Content Marketing Success: The First Four Steps [Opinion]
Saying that social marketing is different from traditional marketing is a huge understatement. Diving into Facebook, Twitter and search engine optimization requires a new set of skills, but also a new mindset.
This industry is facing a crossroads. A horde of hipsters and technology freaks, kids who have never seen a garden larger than a postage stamp, apartment dwellers and double-income, no-kid couples make up a good chunk of this country’s next generation.
If you want to see this industry thrive, it’s time for everyone to pitch in to market it. And not the way that we’re comfortable marketing, but the way these people, our new customers, want to be marketed to.
If I owned a wholesale greenhouse operation with no retail outlet, or any type of manufacturing business, I wouldn’t leave the marketing of my product up to someone else, even the retailer of my product. There’s just too much riding on the space between the shelf and the shopping cart. If you want your business to succeed, do something to make sure your plants make it all the way through to the patio and the windowsill. Don’t leave it in someone else’s hands.
How To Reach Customers Through Social Media
So how do you reach these new consumers? Quite often, marketers everywhere are looking for the silver bullet — the commercial or advertisement that catches fire or the one spokesperson who everyone loves and adores.
To put it bluntly, this is old-school marketing. These tactics won’t work in new marketing. These consumers are looking for partners, not pitches. New marketing is personal. It’s a two-way conversation. And sometimes you can get your best customers to advocate for you. Here’s what I see working in content marketing.
1. Give your customers the information they need, whatever the information is. This is the foundation of the Youtility theory coined by new marketing consultant Jay Baer. Youtility is marketing that is so useful, people would pay for it.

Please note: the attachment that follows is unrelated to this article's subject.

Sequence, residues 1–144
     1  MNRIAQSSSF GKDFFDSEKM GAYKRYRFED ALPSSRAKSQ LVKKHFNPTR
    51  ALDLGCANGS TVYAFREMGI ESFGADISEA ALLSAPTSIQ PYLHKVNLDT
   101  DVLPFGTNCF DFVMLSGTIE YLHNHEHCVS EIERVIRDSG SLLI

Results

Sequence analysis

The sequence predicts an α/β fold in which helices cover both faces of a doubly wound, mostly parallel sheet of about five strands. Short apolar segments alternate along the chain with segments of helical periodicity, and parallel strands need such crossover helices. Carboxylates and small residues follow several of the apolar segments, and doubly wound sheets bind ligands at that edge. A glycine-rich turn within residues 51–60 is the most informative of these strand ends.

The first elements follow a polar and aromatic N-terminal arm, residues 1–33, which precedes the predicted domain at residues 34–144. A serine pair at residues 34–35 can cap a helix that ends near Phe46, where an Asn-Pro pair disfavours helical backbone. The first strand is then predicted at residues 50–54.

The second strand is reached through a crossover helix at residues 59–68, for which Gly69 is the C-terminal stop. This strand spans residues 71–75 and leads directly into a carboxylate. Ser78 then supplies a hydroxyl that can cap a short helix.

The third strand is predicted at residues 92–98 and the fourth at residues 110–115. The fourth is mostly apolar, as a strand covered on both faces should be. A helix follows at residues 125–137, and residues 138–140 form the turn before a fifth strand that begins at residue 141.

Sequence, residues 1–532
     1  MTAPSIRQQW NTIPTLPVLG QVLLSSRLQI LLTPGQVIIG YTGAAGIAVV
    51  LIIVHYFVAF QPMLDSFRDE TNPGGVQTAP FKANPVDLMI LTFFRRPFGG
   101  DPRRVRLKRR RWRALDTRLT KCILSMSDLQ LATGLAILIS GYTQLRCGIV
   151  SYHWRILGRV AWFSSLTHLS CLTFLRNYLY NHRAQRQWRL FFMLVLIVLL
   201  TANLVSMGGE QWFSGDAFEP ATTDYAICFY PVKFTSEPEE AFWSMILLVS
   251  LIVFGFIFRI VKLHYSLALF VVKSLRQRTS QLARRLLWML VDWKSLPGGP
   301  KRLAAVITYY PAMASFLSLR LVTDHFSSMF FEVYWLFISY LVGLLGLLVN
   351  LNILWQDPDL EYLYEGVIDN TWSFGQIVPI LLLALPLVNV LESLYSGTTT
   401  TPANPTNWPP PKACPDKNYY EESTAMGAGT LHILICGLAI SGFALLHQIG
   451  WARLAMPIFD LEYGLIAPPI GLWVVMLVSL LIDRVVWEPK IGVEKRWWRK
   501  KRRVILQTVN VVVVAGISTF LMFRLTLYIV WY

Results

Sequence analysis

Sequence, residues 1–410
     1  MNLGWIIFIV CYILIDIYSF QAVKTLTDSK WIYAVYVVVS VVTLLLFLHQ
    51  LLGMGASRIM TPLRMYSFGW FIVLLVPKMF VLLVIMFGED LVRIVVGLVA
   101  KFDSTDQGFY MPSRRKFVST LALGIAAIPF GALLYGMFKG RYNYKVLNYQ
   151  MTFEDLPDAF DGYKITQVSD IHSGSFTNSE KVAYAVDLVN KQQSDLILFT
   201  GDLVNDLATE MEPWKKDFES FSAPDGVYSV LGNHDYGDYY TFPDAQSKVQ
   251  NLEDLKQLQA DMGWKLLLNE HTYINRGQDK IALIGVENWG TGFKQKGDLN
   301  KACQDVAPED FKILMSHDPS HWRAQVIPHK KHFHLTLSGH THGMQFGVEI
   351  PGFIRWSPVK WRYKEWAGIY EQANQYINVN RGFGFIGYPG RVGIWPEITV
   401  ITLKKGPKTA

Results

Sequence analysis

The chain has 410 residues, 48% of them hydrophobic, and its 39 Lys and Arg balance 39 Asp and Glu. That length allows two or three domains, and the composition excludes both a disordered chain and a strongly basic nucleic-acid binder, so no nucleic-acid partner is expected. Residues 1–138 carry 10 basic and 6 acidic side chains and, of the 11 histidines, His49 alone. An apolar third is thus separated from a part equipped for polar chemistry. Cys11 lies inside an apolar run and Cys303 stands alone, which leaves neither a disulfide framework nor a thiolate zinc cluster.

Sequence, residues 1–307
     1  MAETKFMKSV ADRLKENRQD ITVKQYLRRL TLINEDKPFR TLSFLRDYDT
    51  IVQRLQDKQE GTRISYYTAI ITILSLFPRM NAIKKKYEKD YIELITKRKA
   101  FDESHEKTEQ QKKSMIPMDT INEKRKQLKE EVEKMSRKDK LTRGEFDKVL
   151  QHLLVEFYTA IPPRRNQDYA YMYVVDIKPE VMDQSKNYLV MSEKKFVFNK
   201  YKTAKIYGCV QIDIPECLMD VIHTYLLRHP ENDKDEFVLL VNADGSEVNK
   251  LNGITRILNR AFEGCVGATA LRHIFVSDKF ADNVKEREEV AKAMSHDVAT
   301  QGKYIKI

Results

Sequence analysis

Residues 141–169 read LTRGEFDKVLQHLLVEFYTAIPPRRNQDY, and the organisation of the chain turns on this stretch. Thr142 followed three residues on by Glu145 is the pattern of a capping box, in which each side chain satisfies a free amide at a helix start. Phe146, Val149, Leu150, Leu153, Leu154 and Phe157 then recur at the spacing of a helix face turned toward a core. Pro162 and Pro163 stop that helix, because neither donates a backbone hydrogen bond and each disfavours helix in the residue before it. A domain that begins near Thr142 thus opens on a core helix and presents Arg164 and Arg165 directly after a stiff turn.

“It’s a new marketing model for the age of information overload,” Baer’s website explains. There are a lot of social media theories floating around out there, but this one is pretty difficult to argue against.
If you’re on board, here’s a first example to check out: Just Add Ice Orchids. Scrolling through its Twitter feed, it’s difficult to find any kind of sales message. The feed is full of advice and beautiful photos of orchids, and not Just Add Ice orchids, but all types. If I have questions about how to care for orchids, Just Add Ice has me covered on Twitter and its website, JustAddIceOrchids.com. It’s all right there for consumers to find.
2. Realize that people trust their friends, not companies. That’s why social media marketing works so well — the most effective part of it is word-of-mouth marketing. If my friends want me to read something, I’ll most likely read it. If a company wants me to read something, I might read it. What can you do about this? You can make content that is so useful, people will not only pay for it, but they will share it with their friends.
3. Become people’s friends and they will trust you. I’m an advocate for making a face for your business on social media, but it’s not a requirement. The important thing is to interact with your customers. Let gardeners get to know you. Search for #garden on Twitter and see where you can lend a hand to a young gardener. Be a plant nerd along with consumers.
A few weeks ago, I purchased Transcribe Lite, software to help with transcribing audio files. Once I purchased it, I received an eMail from one of the co-founders of the company asking if I needed any help getting started. As a cynical media user, I replied with a few tweaks I thought would improve the software, not really expecting a reply. The same day, I received a reply responding to my concerns. It was clearly written by a human being and included a link to the company’s Twitter feed. Now I’m a follower and a believer.
As small businesses with so much knowledge that consumers want, this industry is primed for success with content marketing.
4. Listen as much as you talk. People are out there talking about what they like and don’t like about your products. There’s a free focus group every day on social media. All you have to do is listen. If you haven’t tuned into #GardenChat, a conversation Monday nights on Twitter, please do. You don’t have to say anything. Just listen.
So ask yourself — what do today’s hipsters and technology freaks need that this industry can fulfill? And how can we get it to them through their favorite marketing channels?